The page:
Wright was hired to design the museum in 1943. He wanted to break all convention with this signature work of his, but it took 16 difficult years to bring his ideas to fruition. Wright passed-on before opening day but still saw most of his work to completion.
1969 was a different time, and San Diego was a different city. Often called laid back or sleepy – even as City officials touted it as “City In Motion.”
It is very likely plans were on the drawing board as early as 1969 to get rid of the Santa Fe Depot. By 1972 a full pitch battle was on to save the depot from demolition.
It was Save Our Heritage Organisation (SOHO) that stepped in to save the Depot from demolition. It was a call to action the preservation group had to put out, not once, but twice.
The depot opened in 1915, approximately coinciding with the biggest of events in San Diego History, the opening of the 1915 Panama-California Exposition
As with the domed towers at the Panama-California Exposition, the Santa Fe Depot tower domes have a Spanish style zig-zag pattern of yellow blue tiles.
The Mission Style architecture was designed by the firm Bakewell and Brown, out of San Francisco. They built San Francisco City Hall the same year.
The 55 foot wood beam ceiling shelters travelers entering and exiting the depot.
The YMCA building in the distance remains. MTS buses look different. And the Art Deco bowling alley across the street is long gone.
Originally the front arch was entered through a forecourt lined with arches. As so often the case, the demand for parking ruled the day in 1954 when the forecourt structure was demolished.
There had been interest in rebuilding this structure in recent years. But the current alignment and configuration of today’s railroad tracks has been deemed incompatible with such a project. So the old forecourt will remain only a memory or echo from the past.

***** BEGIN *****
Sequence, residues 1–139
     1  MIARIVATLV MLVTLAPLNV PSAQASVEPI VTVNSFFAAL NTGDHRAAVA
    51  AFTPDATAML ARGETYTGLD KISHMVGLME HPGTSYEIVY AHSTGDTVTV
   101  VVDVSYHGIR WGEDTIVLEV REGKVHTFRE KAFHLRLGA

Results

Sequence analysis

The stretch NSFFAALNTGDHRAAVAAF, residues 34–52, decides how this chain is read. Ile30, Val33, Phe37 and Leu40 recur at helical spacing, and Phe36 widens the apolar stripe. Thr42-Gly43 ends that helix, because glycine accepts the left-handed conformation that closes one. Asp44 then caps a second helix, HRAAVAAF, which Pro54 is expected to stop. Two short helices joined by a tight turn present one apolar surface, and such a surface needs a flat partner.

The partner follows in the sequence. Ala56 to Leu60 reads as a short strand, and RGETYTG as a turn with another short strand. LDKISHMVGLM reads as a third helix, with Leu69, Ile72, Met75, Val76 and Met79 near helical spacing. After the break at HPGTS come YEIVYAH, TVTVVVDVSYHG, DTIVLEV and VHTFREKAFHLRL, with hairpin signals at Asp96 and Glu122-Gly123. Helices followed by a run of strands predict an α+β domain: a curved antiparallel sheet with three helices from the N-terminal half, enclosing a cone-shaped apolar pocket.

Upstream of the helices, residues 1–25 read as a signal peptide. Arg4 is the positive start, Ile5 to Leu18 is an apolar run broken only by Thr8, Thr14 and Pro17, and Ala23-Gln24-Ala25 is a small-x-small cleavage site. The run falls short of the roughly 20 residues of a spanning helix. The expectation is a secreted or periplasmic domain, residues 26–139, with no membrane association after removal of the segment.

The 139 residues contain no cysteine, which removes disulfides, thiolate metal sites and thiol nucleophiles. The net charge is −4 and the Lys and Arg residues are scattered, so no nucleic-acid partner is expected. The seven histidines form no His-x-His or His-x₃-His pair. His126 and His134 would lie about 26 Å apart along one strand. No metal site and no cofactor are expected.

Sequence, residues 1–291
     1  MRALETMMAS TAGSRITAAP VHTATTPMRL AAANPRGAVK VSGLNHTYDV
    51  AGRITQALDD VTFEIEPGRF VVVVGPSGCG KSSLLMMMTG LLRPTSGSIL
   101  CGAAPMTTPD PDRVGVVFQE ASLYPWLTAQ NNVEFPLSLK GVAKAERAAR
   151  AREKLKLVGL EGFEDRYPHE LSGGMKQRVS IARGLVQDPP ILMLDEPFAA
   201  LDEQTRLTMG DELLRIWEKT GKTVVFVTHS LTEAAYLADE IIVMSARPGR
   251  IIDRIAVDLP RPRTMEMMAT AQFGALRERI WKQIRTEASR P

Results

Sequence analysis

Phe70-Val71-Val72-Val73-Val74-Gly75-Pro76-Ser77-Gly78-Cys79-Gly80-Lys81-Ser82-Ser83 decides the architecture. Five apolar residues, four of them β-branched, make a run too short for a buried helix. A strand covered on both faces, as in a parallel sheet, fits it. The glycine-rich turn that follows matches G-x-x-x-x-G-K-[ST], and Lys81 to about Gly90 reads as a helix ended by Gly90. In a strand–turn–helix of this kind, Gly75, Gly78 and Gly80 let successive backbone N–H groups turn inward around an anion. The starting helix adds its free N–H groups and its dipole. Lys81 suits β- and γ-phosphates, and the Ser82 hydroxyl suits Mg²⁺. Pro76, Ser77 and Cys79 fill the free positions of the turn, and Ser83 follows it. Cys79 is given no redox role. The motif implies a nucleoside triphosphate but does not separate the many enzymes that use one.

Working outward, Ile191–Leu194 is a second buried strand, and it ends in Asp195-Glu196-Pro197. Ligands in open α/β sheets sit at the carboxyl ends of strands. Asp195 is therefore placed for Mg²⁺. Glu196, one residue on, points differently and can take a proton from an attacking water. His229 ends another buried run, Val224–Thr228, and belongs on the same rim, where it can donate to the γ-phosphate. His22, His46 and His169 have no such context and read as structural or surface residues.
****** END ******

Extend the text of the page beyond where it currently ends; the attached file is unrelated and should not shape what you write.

Old Oak Benches Remain On Duty To This Day
Gone are that style of passenger car as well as the structure beyond it.
An antique luggage cart that no longer sees service.
Private Train Cars were once parked outside, along-side the depot.
They Cyrus K Holliday was once owned by the Sefton Family and their San Diego Trust and Savings Bank. In the following decades San Diego Trust and Savings went away and the Seftons relinquished the train car as well, as it resides somewhere else on tracks far away.
The train yard itself is much different and busier today. There’s the Trolley line, The Coaster line, and Amtrak.
A view towards the south. Police headquarters (now a museum, shopping and restaurant venue) in the distance. The power building is one the left. The Swift Company building, long gone.
And best shot for last. San Diego’s Santa Fe Depot is one of the largest and best loved train depots in California. A jewel that celebrated its 100th Birthday in 2015, and still as beautiful as ever.
In 1909, Amy Strong, a famous San Diego dress designer, hired master builders Emmor Brooke Weaver and John Vawter to build her dream ranch house. They lived and worked on site from tents where they drew renderings and blueprints.
The home was completed by 1921. The Strong home is just off the road to Ramona at the base of Mount Woodson (Potato Chip Rock). It embodies the vision of this artistic woman, the talents of her architects, and the philosophy of the Craftsman Movement.
Roof tiles are supported on a concrete roof sustained by rock buttresses. The tiles are purportedly from the San Gabriel Mission. Inside and out the home has a truly organic and hand made feel to it.
It’s a split level home with exposed eaves – troughs hewn from unfinished eucalyptus trunks supported by gargoyle figures.
Eclectic motifs throughout were taken from Persian, Arabic and Oriental rug designs chosen for the home. Interior use of wood included lightly polished redwood planks recycled from vats for many of the doors and mantels, beams, and balustrades of twisted eucalyptus.
Other building materials of the main house included oak, rocks, flagstone, adobe, bricks and tiles, plaster, concrete and stucco.
No chalk lines were used in the construction. There are no perfect corners and neither the roof nor floors are level.